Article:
Crane v. Crane Case Brief

Summary of Crane v. Crane, S. Ct Utah [1984]

Relevant Facts: Dfs own land adjoining Nat. Forest. 30,000 acres of which has been designated for grazing 681 cattle. The Pls are the current holders of these permits, and they hire riders to move the cattle up the canyons in the spring and down in the fall. They traverse along a road which crosses the Dfs property. Each of the Pls acquired his cattle permit from a predecessor who had been driving the cattle across the road for thirty years prior.

Legal Issue(s): Whether an easement in gross acquired by a predecessor could be transferred to a successor by purchase or descent?

Court’s Holding: Transferable easement in gross.

Procedure: Trail ct ruled decreed it was an easement, and Df appealed; Affirmed.

Law or Rule(s): An easement in gross can be acquired by prescription which arises from a use of the servient estate that is open , notorious, adverse, and continuous for 20 years. It cannot be transferred by assignment, inheritance, or otherwise, unless commercial in character.

Court Rationale: An easement in gross that is not transferable is often referred to as “a non-commercial easement in gross." From early times easements in gross for railroads, telephone, telegraph, and electric power lines, pipelines, and ditches have been deemed transferable. “An easement in gross is of a commercial character when the use authorized by it results primarily in economic benefit rather than personal satisfaction. Here the easement involves a herd of cattle being driven to their summer range. The cattle are being raised for profit rather than for personal use. That falls w/i the definition of a commercial use and therefor transferable.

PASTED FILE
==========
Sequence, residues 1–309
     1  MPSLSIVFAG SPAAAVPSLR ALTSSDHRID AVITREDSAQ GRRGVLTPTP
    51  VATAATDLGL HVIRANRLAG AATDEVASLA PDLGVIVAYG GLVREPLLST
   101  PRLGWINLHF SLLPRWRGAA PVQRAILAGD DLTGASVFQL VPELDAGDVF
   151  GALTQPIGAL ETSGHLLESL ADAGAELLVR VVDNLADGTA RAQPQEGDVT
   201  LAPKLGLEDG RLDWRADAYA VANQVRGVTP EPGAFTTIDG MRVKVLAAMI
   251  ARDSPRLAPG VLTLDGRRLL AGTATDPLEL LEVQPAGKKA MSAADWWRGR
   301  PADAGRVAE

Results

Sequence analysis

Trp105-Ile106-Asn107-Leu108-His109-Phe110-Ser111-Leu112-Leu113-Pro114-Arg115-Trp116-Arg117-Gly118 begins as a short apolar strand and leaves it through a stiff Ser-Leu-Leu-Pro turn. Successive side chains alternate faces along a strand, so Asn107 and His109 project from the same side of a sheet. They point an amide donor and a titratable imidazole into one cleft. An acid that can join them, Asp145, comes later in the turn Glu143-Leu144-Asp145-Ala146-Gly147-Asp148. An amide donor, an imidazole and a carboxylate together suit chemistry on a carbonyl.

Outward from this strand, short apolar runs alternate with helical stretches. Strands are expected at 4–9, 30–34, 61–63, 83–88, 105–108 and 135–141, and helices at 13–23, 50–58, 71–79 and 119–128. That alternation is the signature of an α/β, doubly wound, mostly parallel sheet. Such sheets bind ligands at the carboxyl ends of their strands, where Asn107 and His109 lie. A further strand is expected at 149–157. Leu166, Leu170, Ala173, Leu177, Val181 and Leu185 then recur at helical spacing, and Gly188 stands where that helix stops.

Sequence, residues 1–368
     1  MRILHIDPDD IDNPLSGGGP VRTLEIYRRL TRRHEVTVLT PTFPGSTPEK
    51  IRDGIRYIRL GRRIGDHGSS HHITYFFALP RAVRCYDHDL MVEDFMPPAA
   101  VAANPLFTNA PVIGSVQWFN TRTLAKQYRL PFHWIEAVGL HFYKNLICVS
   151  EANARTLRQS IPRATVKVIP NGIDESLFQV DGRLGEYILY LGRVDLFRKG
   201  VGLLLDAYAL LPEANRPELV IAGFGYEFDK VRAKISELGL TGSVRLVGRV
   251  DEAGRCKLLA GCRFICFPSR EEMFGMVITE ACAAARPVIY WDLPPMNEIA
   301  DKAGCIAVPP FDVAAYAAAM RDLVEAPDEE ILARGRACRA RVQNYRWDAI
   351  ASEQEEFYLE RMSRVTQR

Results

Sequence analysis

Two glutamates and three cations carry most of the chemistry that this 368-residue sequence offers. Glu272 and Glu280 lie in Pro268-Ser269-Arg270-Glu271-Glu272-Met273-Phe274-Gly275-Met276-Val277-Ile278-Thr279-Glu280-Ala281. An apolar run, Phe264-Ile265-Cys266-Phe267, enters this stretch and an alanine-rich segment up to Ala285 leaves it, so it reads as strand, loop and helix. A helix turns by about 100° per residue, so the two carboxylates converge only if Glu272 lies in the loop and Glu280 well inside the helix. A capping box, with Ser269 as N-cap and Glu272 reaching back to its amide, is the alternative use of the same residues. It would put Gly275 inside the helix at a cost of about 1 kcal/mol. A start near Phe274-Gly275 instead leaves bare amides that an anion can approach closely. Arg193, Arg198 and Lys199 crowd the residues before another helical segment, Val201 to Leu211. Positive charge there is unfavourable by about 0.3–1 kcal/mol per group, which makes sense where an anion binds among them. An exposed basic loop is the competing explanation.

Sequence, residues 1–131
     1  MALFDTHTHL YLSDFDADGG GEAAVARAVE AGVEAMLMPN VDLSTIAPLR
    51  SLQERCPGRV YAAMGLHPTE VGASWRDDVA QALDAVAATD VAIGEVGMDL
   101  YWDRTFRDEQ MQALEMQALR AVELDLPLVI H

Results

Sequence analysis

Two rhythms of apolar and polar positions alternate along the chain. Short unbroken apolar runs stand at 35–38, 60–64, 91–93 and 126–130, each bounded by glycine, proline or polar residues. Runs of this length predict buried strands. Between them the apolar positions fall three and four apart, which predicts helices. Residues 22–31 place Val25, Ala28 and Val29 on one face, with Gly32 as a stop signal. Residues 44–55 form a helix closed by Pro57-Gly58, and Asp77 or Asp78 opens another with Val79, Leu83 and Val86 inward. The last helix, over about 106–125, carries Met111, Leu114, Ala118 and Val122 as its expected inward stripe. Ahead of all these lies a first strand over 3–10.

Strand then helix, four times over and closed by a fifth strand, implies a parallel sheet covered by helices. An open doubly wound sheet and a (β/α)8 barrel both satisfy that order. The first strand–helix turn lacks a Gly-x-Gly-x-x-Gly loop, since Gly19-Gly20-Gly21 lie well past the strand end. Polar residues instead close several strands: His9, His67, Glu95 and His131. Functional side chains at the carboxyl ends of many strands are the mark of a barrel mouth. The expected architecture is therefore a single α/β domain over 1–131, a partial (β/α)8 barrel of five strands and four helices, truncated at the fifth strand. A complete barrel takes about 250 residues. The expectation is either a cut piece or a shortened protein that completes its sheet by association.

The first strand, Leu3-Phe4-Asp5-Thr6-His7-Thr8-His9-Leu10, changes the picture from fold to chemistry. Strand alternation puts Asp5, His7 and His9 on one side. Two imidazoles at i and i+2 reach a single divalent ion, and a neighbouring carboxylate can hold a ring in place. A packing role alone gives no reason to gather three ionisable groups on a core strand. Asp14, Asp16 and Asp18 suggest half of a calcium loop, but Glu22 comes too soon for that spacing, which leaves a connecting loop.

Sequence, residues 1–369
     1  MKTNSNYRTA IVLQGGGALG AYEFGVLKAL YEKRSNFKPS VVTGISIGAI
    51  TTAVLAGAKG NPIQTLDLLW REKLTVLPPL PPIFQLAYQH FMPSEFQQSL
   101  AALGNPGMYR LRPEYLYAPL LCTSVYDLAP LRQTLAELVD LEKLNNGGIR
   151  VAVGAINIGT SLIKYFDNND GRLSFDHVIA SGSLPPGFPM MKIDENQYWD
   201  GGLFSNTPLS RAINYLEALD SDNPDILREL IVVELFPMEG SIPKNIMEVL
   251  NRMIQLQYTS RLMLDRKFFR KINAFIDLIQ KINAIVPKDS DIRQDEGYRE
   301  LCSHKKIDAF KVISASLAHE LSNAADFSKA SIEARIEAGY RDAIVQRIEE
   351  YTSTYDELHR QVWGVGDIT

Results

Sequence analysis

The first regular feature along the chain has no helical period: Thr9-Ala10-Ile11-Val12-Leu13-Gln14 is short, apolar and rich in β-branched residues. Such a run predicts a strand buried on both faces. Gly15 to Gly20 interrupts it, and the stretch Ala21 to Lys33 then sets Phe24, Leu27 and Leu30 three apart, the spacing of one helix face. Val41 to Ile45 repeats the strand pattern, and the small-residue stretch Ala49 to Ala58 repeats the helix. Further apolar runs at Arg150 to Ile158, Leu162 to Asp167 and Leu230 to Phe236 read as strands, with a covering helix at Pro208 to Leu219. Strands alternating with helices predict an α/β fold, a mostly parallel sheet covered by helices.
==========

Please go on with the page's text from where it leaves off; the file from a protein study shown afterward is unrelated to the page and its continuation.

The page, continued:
Plaintiff’s Argument: The easement was acquired by prescription and was transferable b/c of the commercial nature of the use.

Defendant’s Argument: The individual Pls are deriving a benefit which is personal in nature and non-commercial. Easements in gross are non-transferable.

Prescription: it is the term usually applied to incorporeal hereditament, or to a mode of acquiring title by immemorial or long continued enjoyment.

The prescription period tolled by tacking the original possessor of the easement.



Copyright © 2001-2012 4LawSchool.com. All rights reserved. Privacy Policy HotChalk Partner